""Sweeney Todd" has been out of print for many, many years. Video copies went for enormous sums, and I had to settle for an aging video copy I recorded when the show was first aired on television 22 years ago. I understood that there were some copyright issues that stopped the show from being re-released, which have apparently been resolved.Although I usually curse Warner Brothers for having the worst track record of any major studio for not releasing their extensive library of films to DVD, today I applaud them for giving us back this wonderful show with its delightful performances on DVD. Not only can we relish Angela Lansbury in her Tony-winning role as Mrs. Lovett, but we get the extra bonus of seeing George Hearn as Sweeney, to my mind the best Sweeney I've ever seen (and I've seen two others as well -- Len Cariou, who originated the role on Broadway and was probably the sexiest Sweeney (making Lovett's attraction for him perfectly understandable), but without Hearn's depth and a bit too American (or rather, Canadian), and Denis Quilley, who performed the role in London. Although Quilley's acting and singing talents were a match for Hearn's, he was physically not exactly right.As for the Mrs. Lovetts I've seen, the West End production's Sheila Hancock will always be my favorite for her ability to capture all the comedic aspects of the role (as Angela Lansbury does too) while still managing to plumb the pure evil depths and total amorality of the character. Ms. Hancock had the ability to make the theatre-goer laugh his head off one moment, and then to send chills down his spine the next. But who could not love Angela as well? And aside from Ms. Lansbury, one gets a chance to see several others from the original Broadway cast reprise their roles for this production, including the wonderfully sinister, powerfully voiced Edmund Lyndeck as Judge Turpin and Ken Jennings as Tobias. (Toby is not an easy role to cast, since one has to practically be a castrato to sing it.)I was also fortunate enough to see the original Broadway production before the cuts were made -- the shortening of the barber competition (a wise decision), the elimination of the self-flagellation scene in which Judge Turpin, brandishing a whip, is seen in a black robe, his buttocks exposed (this should never have been cut but was probably considered too outragious for the out-of-town tourists to handle), and the removal of the Tower of Bray number (which, again, was a wonderful pastiche and very funny, as it added to rather than detracted from the suspense, and hopefully will one day be re-evaluated and restored to future productions). But at least, the missing numbers are all on the cast album for admirers of the show to enjoy. The role of Anthony was replaced in this production by Cris Groenendaal (who was in the chorus in the original), and who has a stronger voice than Victor Garber, who originated the role, but Garber is a stronger actor, as can be surmised from his long and successful career, both in musicals and non-musicals. I also enjoyed Betsy Joslyn as Johanna, which is a silly and comedic role which she milks for all its worth, and yet still remains a chip off the old block. It's Johanna, after all, who grabs the revolver from Anthony to shoot Mr. Fogg in cold blood. Finally, before receiving the DVD, I was fearful that I might be looking at something with faded color bleeds and poor video quality simply transferred to a different media. But I am happy to report that the show has held up well, both visually and audibly. In fact, in this L.A. production, the only thing I missed from the Broadway production (other than the cut numbers) was that in the original theatre, Sweeney and Mrs. Lovett make their final appearance rising through a hole in the floor from an elevator beneath the stage, as if coming back from hell for a brief encore. Now THAT was an entrance!"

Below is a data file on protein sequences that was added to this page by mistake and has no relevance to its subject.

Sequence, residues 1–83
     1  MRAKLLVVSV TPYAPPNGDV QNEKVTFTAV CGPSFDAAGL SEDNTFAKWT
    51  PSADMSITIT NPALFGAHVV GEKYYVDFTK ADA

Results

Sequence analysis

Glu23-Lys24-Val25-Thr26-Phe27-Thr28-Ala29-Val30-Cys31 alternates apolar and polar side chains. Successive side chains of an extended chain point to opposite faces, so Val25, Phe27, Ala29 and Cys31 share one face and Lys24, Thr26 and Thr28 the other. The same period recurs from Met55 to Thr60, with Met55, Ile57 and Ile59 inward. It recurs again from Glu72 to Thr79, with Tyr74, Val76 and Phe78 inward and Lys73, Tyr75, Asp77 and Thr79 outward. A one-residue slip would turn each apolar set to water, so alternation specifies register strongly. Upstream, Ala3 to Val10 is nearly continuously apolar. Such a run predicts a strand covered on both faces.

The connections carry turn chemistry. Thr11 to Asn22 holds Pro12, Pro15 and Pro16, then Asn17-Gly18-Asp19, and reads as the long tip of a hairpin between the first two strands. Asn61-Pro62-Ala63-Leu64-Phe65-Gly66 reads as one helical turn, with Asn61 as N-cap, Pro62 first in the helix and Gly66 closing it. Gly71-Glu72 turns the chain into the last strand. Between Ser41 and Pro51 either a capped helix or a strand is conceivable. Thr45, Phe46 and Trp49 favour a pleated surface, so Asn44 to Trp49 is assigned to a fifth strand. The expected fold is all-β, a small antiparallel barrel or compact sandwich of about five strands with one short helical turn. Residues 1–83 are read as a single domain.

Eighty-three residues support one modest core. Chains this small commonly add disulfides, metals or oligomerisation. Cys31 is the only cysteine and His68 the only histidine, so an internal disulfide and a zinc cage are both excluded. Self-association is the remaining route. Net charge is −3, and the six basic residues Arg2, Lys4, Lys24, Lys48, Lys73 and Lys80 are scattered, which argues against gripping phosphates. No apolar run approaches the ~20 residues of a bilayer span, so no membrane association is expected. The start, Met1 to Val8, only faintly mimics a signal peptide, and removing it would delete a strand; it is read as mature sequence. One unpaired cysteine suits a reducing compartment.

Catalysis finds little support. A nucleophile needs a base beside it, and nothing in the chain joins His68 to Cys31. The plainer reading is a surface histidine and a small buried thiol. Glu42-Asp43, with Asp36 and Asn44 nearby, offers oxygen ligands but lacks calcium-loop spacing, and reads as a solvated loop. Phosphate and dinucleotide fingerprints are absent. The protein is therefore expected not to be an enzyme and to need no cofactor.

Hearn and Lansbury in the "Sweeney Todd" touring company